n South African Journal of Sports Medicine - Attitudes towards the risk of HIV transmission in sport : original research article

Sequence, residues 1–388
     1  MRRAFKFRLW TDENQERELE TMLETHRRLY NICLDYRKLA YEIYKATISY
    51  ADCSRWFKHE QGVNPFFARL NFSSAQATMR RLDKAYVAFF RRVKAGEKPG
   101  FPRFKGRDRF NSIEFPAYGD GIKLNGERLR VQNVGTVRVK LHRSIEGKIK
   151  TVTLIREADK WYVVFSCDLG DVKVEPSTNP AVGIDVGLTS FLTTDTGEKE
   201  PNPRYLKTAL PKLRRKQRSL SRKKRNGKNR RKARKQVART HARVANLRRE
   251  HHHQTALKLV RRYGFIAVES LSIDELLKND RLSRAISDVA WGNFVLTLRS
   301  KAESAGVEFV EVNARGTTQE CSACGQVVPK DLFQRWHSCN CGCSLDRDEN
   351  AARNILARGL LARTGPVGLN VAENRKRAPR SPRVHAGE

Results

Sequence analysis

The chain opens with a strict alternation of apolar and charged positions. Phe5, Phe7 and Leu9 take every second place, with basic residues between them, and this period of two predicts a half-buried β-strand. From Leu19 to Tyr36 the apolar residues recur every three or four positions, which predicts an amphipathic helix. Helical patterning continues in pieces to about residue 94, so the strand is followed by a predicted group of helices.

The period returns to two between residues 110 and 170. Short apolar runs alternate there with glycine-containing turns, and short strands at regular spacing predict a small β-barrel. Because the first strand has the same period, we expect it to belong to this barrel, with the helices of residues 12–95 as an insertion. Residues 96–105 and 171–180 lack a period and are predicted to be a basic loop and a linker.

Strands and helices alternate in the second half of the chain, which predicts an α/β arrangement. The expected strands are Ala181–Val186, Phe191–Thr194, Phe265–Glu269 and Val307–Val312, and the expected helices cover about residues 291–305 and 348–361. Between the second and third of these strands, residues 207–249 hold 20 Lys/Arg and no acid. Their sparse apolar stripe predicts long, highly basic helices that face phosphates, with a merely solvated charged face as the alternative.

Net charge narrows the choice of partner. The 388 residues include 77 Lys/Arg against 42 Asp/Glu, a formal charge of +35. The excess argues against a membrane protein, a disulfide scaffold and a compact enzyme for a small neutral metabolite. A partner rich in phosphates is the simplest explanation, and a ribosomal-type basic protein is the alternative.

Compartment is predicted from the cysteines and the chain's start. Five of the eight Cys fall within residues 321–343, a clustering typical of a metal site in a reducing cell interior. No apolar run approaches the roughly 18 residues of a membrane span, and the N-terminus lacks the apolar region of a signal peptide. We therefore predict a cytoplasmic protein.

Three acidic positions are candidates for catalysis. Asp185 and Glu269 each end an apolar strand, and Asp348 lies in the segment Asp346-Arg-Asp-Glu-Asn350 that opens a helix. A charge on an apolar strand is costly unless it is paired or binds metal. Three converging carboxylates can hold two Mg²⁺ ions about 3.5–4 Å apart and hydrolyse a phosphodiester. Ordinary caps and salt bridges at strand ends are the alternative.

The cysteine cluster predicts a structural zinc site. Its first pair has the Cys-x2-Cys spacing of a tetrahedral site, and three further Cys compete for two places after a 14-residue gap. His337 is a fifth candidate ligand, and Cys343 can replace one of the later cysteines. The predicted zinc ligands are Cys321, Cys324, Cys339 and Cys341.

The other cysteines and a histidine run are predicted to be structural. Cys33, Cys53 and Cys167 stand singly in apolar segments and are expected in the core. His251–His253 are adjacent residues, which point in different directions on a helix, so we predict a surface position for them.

<I>Objective.</I> There is a real risk of transmitting HIV through open wounds during participation in sport. The aim of this study was to investigate athlete s knowledge and attitudes towards HIV transmission in a competitive sport environment how their sporting codes, demographics, knowledge and interaction with colleagues influenced their attitudes. <br><I>Design.</I> A questionnaire was administered to elite athletes (N = 575) competing in 11 sport codes including high, medium and low-risk sports, and undergraduate students (N = 46) from a Sport Science Department. Athletes from all economic backgrounds, who competed at national, provincial or at first-division level, were included in this study. The questionnaire was distributed during national tournaments and training sessions. <br><I>Results.</I> Sixty-three per cent of athletes believed that a risk of HIV transmission exists in sport participation. Fiftyeight per cent believed that they had a right to know if a teammate/opponent was HIV-positive, and 62% believed that all athletes should be tested for HIV. Fifty per cent of the respondents indicated that they would participate against individuals who were HIV-positive. Most athletes (88%) believed that more education on HIV transmission in sport was needed and 58% felt that HIV should be a notifiable disease in sport. Forty-six per cent of the athletes indicated that they would participate in competition even though they were HIV-positive. <br><I>Conclusion.</I> The threat of infection or transmission did not deter athletes who were afflicted or unafflicted with HIV from participating in competitive sports.


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